Inside Dr. Peter Rasmussen's office in Salem, Ore., something happens that most anywhere else would be a crime. The cancer specialist prepares his patient, Patricia Lundin, for a prescription he will write that will intentionally end his patient’s life.
Lundin asks, "And what do you do? Just go to sleep?" And Dr. Rasmussen replies, "Yes. You just drink it down and it gets absorbed through the lining of the stomach very quickly and so you get sleepy really quickly."
Oregon is the only state in the nation that allows physician assisted suicide. Patricia Lundin has lung cancer and has been given less than six months to live.
Patients must be terminally ill, diagnosed with less than six months to live to ask for the deadly prescription. After years of court battles and two state-wide votes in favor, what’s called the Death with Dignity act became law in Oregon in 1997.
But now Attorney General Ashcroft is threatening to use federal drug laws to punish any Oregon doctor who helps a patient die. Aschcroft would take away the doctor’s license to write prescriptions.
Says Dr. Rasmussen, “I couldn’t prescribe federally controlled drugs. As an oncologist and palliative care specialist, if I can’t prescribe narcotics, I can’t practice.”
The State government has gone to court to defend the Death with Dignity Act and the state’s right to regulate medical care. The case will go before a federal judge in Portland on Friday.
Kristen Granger is with the Oregon Attorney General’s office. She says, "Oregonians are not anymore arguing about whether it is-- it is appropriate to have physician assisted suicide as a-- Oregon state law. We have adopted it. So now it's a matter of protecting that law and-- and ensuring those rights for Oregonians who wish to access those rights.”
The Death with Dignity Act has not brought a rash of assisted suicide to Oregon. Last year, only 21 terminally ill patients chose to end their lives early. A total of 23 others actually asked their doctors to write lethal prescriptions but then didn't use them. Proponents of the law say for the dying, simply knowing the choice is there is a comfort.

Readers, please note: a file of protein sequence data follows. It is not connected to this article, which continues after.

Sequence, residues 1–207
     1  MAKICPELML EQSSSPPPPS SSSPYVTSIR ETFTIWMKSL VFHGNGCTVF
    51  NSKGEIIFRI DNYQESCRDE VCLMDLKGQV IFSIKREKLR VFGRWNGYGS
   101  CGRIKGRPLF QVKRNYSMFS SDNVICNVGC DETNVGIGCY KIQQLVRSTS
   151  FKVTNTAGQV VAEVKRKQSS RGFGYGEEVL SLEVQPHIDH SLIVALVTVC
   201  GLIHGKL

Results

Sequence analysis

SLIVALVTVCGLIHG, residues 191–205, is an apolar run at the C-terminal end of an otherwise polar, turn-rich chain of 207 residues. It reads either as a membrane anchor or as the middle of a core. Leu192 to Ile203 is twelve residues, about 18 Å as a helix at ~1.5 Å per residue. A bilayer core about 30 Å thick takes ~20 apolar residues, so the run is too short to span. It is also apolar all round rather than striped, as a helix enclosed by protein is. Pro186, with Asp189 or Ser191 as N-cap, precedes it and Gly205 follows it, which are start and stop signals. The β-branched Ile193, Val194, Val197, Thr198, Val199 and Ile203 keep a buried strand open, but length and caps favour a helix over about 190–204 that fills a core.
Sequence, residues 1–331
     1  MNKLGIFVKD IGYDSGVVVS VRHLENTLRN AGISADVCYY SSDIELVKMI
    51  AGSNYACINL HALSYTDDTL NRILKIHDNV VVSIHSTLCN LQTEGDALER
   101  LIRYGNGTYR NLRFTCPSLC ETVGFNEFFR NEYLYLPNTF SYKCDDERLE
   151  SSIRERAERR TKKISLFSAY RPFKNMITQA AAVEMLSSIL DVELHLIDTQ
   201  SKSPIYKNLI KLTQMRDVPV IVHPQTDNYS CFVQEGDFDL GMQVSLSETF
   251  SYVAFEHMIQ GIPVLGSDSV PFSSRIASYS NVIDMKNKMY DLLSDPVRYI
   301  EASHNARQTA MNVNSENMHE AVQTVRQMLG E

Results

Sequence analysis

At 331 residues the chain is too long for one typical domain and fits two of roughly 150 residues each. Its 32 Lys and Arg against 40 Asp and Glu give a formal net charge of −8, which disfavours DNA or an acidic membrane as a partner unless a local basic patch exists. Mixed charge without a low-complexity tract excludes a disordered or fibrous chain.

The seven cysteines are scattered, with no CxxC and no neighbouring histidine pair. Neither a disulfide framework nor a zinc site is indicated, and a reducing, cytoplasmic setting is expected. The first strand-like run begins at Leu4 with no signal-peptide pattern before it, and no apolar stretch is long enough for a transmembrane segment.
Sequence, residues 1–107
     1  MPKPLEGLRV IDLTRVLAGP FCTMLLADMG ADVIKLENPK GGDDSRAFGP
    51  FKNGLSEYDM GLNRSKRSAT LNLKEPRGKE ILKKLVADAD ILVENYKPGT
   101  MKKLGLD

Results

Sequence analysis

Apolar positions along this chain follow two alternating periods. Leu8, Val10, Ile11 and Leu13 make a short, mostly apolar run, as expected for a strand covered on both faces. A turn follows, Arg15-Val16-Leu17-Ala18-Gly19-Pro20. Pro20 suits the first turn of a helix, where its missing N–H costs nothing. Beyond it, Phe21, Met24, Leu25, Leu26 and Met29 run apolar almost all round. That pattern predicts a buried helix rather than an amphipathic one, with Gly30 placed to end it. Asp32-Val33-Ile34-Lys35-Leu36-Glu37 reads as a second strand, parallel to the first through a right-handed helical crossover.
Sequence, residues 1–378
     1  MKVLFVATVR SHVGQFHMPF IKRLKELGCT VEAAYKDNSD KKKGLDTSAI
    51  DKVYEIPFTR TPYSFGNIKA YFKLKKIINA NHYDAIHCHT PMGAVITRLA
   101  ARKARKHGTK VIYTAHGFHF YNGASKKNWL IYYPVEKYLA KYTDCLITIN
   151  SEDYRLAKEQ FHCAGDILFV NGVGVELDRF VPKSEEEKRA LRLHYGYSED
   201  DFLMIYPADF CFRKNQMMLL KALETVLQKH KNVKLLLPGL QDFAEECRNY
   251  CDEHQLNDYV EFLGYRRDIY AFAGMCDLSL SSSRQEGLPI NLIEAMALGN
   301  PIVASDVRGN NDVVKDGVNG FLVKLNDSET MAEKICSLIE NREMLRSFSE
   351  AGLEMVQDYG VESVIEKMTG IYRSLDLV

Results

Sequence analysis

Eight months ago, Jim Romney was diagnosed with Lou Gehrig’s disease, ALS. He says, "When I learned I could control the end of my life to how I would die, it brought me great joy, great liberation. I can only say that, for me, dying with dignity is very important and with ALS, my disease, it's very difficult to die with dignity, because one becomes pretty much vegetative. You go through a-- through a-- through a total paralysis your body. You can't speak. You can't breathe. You lose control of your bowels and your bladder. You're on feeding tubes. You'd be a tremendous burden to your family. And I see no dignity in that.”
At home in Portland with his wife and their son, Eric, Jim Romney is determined to enjoy every day that he can, but still wants to know he can take that lethal prescription if he chooses.
Says his wife, "Of course, I don't want that to happen, and neither one of us do. And if that day ever comes, it's gonna probably be the, you know, worst day of my life."
Says son Eric, "He's going to die either way. The fact that he has the option, if pain or whatever gets too bad to, you know, to take any more, he has that option. I think that gives him a peace of mind. And I think it gives us peace of mind too. I don't wanna see my father suffer."
And Romney himself adds, "We all want to live forever. None of us want to die. And if I can maintain diginity in my life until my death, I will do so."
Marilyn Thompson knows what its like to watch someone with ALS die slowly. As her husband Troy declined, they chose his grave site together.